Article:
Effect of mannitol and furosemide on blood-brain osmotic gradient and intracranial pressure.

Journal of Neurosurgery (Impact Factor: 3.15). 01/1984; 59(6):945-50. DOI: 10.3171/jns.1983.59.6.0945
Source: PubMed

ABSTRACT The effect of mannitol (1.0 gm/kg) and furosemide (0.7 mg/kg), alone and in combination, on the blood-brain extracellular fluid and cerebrospinal fluid (CSF) osmotic gradient, elevated intracranial pressure (ICP), CSF and serum osmolality, and urine output was studied in 26 mongrel dogs. Mannitol and furosemide, when used together, produced a greater (62.4% versus 56.6%) and more sustained (5 hours versus 2 hours) fall in ICP than mannitol alone. This correlated with a prolongation of the reversal of the blood-brain osmotic gradient (-3.4 to + 38.5 mOsm/kg) and a rate of urine formation 15 times control values. There was a transient but not significant fall in serum Na+ with the combined treatment, but the arterial pressure did not vary from pretreatment levels. The results from this present study suggest that the distal loop diuretics in a dose of less than 1.0 mg/kg act synergistically with mannitol by causing preferential excretion of water over solute in the renal distal tubule, and thereby sustaining the osmotic gradient initially established by the mannitol infusion. It is possible, but unlikely in the doses used, that the additive effect of furosemide on reducing ICP in the presence of mannitol is due to interference with CSF formation or Na+ and H2O movement across the blood-brain barrier.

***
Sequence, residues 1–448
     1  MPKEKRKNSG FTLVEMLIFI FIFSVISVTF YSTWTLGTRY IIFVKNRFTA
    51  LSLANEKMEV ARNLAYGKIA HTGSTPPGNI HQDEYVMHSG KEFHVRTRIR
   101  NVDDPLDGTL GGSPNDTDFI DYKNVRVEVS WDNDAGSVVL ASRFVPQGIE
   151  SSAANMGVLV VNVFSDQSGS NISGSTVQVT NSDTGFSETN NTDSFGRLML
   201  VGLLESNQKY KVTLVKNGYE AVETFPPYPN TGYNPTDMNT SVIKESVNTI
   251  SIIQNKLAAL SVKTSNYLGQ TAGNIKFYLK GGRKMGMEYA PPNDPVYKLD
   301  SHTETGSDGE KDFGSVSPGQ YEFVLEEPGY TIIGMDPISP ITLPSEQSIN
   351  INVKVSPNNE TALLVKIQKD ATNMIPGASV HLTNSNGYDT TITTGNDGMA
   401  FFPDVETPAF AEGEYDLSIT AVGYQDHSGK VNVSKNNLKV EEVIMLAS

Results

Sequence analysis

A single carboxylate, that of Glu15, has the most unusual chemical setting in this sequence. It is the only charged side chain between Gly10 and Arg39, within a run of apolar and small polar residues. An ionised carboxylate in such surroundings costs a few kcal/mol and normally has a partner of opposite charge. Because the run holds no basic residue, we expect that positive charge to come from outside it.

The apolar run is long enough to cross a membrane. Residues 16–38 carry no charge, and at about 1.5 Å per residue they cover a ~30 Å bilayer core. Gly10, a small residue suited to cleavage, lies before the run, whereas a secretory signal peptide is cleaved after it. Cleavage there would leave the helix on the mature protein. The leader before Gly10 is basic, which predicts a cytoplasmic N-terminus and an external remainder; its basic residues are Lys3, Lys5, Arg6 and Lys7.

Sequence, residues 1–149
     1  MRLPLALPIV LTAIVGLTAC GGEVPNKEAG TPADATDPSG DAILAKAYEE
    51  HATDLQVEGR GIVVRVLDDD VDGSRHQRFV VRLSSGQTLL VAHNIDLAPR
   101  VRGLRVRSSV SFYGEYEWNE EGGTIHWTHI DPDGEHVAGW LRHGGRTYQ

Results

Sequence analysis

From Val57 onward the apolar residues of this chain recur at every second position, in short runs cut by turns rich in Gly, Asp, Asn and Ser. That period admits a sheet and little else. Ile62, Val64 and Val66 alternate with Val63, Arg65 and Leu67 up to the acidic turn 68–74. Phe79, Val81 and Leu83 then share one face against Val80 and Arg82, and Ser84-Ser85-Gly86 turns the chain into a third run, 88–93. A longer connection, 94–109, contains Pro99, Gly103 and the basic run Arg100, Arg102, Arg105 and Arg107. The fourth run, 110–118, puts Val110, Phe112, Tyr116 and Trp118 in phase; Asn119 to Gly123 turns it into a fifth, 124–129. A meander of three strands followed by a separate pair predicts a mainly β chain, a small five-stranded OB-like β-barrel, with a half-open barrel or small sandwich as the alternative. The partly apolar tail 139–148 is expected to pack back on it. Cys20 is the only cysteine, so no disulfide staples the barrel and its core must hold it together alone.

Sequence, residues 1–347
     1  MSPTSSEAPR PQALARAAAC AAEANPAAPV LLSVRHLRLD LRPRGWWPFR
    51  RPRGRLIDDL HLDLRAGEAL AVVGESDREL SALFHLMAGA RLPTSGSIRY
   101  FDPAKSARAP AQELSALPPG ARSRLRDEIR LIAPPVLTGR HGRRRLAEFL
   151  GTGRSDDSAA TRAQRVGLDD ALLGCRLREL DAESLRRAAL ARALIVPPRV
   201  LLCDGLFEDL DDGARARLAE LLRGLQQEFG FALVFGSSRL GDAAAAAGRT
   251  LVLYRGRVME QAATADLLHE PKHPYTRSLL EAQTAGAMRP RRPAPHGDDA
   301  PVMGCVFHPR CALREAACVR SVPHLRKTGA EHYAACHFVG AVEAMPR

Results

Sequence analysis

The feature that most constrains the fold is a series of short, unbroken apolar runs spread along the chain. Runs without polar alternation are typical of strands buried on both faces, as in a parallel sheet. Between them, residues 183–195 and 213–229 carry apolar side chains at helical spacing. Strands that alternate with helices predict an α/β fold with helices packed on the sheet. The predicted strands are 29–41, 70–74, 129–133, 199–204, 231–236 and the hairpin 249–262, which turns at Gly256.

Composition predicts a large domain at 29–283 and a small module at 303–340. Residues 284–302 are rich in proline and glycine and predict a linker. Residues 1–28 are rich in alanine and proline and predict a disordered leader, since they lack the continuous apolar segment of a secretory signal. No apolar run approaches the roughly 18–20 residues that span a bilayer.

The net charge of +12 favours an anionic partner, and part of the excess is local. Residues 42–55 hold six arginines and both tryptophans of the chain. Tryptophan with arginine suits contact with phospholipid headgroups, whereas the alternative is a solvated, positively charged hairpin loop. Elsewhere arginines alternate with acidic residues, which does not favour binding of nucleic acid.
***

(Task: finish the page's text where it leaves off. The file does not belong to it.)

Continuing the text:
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    ABSTRACT: : Mannitol is often used during intracranial surgery to improve surgical exposure. Furosemide is often added to mannitol to augment this effect. The concern exists, however, that the augmented diuresis caused by the addition of furosemide to mannitol may cause hypovolemia and hypoperfusion, hypokalemia, and hyponatremia. We examined the intraoperative safety of low-dose furosemide (0.3 mg/kg) combined with mannitol (1 g/kg). : We observed 23 patients in a double-blind, block randomized, placebo-controlled study to examine the effects of furosemide (0.3 mg/kg) when combined with mannitol (1 g/kg) on surgical brain relaxation for tumor surgery. Mannitol and the study drug (furosemide or placebo) were administered, and arterial blood gases with electrolytes (sodium, potassium, and lactic acid) and urine output volume were recorded every 30 minutes for 3 hours. Plasma sodium, potassium, and lactic acid concentrations, and interval urine outputs, were compared across time and between furosemide-placebo assignment groupings, with a P<0.01 considered significant. : Although mannitol produced a large volume of diuresis (1533±335 mL), the addition of a low dose of furosemide substantially increased both the rate of production of urine for the first 90 minutes after administration and the total volume of urine produced (2561±611 mL, P<0.001, compared with placebo group). The addition of furosemide did not produce a serum potassium level below 3.8±0.7 mEq/L, a serum sodium level below 128.3±3.4 mEq/L, or a serum lactic acid level above 2.4±0.9 mmol/L. There were no differences in the plasma potassium concentration, sodium concentration, or lactic acid concentration between the drug groups at any time point. : Despite an increase in urine output by as much as 67%, adding low-dose furosemide to mannitol does not seem to produce significant electrolyte derangements or hypovolemia compared with the administration of mannitol alone.